One of the advantages of having multiple preachers is that the church has a chorus of voices and perspectives to teach the word and speak to the heart. Two pastors may preach very similar truths from very similar texts and yet express the doctrines, commands, and prayers of Scripture in remarkably different ways. Each shepherd has different life experiences he is bringing to the table, different manners of speaking and methods of communicating, and different ways of illustrating the text and processing God’s word in his own heart. When diversity in preaching helps the church develop a fuller understanding of God’s Law and gospel, then this diversity can be a blessing that equips Christ’s bride for greater faithfulness.

3. We share preaching responsibilities to allow shepherds to be fed in corporate worship.

Many pastors find that publicly proclaiming the glories of God in the gospel to his people is one of the great joys they experience. But these same pastors need to receive the word as well. When there is only one designated preacher, everyone in the church may be nourished by the word, challenged in their assumptions, called to repentance in unexpected ways, comforted in their affliction, and exhorted to new forms of Christ-exalting faithfulness—everyone, that is, except him. Of course, part of developing a sermon is taking the time to sit in God’s word and let the Spirit expose sin and minister the gospel to us, but there is a distinct benefit to being among God’s people and receiving the preached word from someone else who has soaked in Scripture and is ministering it to the church.

By sharing in the task of preaching, the elders have the opportunity to be a blessing to one another and to receive blessing from another. Each of us has seasons when we can hear the preached word in a way that grants insight, offers new perspectives, lays bare sins of which we weren’t aware, and offers comfort in the cross and motivation for holiness and witness in our own lives.

4. We share preaching responsibilities to avoid the typical forms of exhaustion that plague pastoral ministry.

“Burnout” is a buzzword in pastoral and leadership circles. The term refers to the exhaustion and frustration that result when a pastor works and ministers with no relief or rest. It’s easy to see how this could be a real danger for those who are alone in preaching on a weekly basis. Sermon preparation by itself can take twenty hours or more of study, prayer, and writing. Combine that with administration concerns, home groups, pastoral care, hospitality, meeting with members, and the everyday obligations of life in a family and community and you’ve got a full schedule indeed. It’s hard to see how one person could navigate all of these responsibilities on an ongoing basis without permitting one dimension to suffer or be neglected altogether.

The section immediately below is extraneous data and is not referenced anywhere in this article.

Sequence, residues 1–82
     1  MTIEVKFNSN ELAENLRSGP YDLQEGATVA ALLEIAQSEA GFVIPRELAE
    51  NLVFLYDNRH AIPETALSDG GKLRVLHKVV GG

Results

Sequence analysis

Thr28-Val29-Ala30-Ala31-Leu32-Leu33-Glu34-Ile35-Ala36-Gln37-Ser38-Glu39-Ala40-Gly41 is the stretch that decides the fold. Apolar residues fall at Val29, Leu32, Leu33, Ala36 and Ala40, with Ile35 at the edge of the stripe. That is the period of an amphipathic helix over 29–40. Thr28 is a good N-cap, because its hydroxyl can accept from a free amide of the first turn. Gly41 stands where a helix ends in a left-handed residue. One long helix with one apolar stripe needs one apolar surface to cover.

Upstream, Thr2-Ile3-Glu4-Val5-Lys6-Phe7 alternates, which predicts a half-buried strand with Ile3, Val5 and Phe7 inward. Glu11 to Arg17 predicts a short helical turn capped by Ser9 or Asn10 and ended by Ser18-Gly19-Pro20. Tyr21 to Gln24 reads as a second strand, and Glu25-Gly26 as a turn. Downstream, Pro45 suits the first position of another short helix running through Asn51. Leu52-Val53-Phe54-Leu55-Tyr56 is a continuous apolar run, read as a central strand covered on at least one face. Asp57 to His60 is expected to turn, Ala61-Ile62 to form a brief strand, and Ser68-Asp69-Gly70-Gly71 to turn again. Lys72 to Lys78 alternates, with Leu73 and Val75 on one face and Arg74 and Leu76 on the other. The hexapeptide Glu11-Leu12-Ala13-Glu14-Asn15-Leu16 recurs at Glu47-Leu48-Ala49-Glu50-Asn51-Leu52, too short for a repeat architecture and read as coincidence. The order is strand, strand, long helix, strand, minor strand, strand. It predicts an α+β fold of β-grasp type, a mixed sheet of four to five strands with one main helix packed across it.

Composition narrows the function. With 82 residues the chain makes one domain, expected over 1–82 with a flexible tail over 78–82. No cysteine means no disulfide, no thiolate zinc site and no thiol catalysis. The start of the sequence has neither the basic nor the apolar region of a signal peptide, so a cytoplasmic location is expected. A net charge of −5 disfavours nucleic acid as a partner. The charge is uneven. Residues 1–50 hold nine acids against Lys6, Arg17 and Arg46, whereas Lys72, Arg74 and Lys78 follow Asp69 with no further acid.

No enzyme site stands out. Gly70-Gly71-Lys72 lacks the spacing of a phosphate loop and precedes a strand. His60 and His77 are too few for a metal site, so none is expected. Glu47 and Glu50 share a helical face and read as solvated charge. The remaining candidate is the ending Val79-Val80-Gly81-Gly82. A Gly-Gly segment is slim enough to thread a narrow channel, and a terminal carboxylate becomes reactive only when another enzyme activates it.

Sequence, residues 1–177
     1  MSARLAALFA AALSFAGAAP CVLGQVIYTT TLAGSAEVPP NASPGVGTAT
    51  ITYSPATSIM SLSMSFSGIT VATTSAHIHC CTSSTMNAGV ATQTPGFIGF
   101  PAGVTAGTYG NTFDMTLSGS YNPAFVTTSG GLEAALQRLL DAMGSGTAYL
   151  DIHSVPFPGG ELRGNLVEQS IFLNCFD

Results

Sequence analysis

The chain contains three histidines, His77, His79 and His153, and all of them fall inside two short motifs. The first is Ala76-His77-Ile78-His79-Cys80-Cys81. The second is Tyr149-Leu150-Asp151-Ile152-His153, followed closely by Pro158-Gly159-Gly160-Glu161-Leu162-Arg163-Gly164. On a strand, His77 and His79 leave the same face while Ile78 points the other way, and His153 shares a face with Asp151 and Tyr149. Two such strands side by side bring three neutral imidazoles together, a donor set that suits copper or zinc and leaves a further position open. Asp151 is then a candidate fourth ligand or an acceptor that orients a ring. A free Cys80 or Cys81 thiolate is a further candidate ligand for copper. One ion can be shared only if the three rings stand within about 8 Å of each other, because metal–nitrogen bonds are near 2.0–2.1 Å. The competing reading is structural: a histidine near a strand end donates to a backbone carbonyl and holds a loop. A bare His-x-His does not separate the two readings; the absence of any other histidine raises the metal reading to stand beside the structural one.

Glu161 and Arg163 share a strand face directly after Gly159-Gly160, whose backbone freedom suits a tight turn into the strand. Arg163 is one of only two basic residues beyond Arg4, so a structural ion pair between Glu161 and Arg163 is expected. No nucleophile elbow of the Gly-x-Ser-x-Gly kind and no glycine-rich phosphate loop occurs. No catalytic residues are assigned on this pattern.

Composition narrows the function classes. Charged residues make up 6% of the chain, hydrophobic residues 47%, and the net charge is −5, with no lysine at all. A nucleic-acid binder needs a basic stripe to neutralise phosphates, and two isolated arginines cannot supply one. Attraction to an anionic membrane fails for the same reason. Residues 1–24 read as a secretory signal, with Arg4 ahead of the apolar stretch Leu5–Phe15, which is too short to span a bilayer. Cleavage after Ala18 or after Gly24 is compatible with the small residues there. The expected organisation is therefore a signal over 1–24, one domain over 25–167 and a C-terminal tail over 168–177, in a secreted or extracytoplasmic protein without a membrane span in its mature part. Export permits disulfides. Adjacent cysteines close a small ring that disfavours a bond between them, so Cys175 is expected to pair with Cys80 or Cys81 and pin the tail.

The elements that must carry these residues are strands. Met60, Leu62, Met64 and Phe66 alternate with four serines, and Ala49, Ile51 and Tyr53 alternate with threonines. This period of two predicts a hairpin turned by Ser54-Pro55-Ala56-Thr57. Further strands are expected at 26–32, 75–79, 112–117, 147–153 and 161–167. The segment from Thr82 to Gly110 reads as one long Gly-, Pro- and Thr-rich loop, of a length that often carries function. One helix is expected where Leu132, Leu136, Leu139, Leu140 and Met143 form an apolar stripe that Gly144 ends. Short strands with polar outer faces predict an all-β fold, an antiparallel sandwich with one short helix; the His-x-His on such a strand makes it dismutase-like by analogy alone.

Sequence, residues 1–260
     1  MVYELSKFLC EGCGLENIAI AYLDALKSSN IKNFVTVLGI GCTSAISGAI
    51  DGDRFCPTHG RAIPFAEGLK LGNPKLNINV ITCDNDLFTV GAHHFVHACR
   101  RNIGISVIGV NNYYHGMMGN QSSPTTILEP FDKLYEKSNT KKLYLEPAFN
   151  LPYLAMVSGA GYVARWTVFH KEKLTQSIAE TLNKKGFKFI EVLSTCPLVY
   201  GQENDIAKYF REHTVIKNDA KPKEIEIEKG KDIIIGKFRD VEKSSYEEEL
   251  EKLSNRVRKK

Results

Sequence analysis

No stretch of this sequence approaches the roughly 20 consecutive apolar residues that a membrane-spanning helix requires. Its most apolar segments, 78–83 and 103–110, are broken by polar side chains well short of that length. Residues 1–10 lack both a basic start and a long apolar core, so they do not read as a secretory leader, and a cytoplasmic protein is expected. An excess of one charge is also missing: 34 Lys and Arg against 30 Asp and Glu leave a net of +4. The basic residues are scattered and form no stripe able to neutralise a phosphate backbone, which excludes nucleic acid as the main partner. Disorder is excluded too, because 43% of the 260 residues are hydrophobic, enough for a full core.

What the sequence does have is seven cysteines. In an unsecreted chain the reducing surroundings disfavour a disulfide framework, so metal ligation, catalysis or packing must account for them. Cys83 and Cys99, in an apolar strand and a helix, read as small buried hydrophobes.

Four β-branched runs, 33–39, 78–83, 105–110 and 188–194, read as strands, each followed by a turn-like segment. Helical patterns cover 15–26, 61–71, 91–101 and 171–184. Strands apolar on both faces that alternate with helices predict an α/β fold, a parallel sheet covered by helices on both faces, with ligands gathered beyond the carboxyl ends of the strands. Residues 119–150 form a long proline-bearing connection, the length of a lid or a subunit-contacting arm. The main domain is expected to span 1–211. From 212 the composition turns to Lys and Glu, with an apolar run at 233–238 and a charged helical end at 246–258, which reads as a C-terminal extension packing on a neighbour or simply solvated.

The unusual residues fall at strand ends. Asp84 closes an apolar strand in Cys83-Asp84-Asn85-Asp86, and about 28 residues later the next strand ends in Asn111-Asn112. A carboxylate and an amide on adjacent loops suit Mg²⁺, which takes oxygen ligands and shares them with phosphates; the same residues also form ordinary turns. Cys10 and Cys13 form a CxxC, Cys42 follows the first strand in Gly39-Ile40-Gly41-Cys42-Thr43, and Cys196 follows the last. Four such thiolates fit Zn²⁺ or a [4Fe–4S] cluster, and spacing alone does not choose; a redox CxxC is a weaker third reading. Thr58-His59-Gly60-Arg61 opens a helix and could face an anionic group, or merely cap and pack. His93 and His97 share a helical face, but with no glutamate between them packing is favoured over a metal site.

Because we alternate preaching, no single pastor finds himself solely responsible for everything. When one preaches, another often takes the lead in other shepherding roles to free him up for study and preparation, and when one isn’t preaching, he can afford to earnestly give himself to all the duties besides sermon writing that are essential to shepherding the flock. The twenty hours that would have been devoted to preparing to preach can be devoted to sharing life with believers, focusing on the home group, being available for members, coordinating various aspects of church life, and ministering in other faithful ways. A shepherd must be more than a preacher, and sharing preaching responsibilities ensures that each pastor is able to fulfill the role of shepherd without consistently neglecting other aspects of the role. And the breaks from preaching provide times for reinvigoration so that when the time comes to publicly proclaim the word again, there is a renewed excitement and energy for the task.

These are but four of the reasons we have adopted a “rotating pulpit” at Trinity Church. Our prayer is that God would guard his people from temptation and equip them for ministry and faithfulness as different pastors feed the sheep with the word of Christ.